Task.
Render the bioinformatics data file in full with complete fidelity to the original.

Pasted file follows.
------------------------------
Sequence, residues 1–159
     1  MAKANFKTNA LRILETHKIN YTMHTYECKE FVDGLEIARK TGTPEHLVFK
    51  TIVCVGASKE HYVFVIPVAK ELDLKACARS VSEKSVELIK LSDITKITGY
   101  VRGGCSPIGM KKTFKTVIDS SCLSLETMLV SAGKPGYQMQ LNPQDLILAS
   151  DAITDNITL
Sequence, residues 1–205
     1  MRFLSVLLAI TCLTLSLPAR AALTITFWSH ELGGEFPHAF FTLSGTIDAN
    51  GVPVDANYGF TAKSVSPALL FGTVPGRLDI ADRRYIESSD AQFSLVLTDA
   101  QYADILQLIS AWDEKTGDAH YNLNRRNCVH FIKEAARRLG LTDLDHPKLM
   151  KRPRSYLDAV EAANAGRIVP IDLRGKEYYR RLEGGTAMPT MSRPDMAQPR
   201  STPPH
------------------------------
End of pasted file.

Sequence, residues 1–159
     1  MAKANFKTNA LRILETHKIN YTMHTYECKE FVDGLEIARK TGTPEHLVFK
    51  TIVCVGASKE HYVFVIPVAK ELDLKACARS VSEKSVELIK LSDITKITGY
   101  VRGGCSPIGM KKTFKTVIDS SCLSLETMLV SAGKPGYQMQ LNPQDLILAS
   151  DAITDNITL
Sequence, residues 1–205
     1  MRFLSVLLAI TCLTLSLPAR AALTITFWSH ELGGEFPHAF FTLSGTIDAN
    51  GVPVDANYGF TAKSVSPALL FGTVPGRLDI ADRRYIESSD AQFSLVLTDA
   101  QYADILQLIS AWDEKTGDAH YNLNRRNCVH FIKEAARRLG LTDLDHPKLM
   151  KRPRSYLDAV EAANAGRIVP IDLRGKEYYR RLEGGTAMPT MSRPDMAQPR
   201  STPPH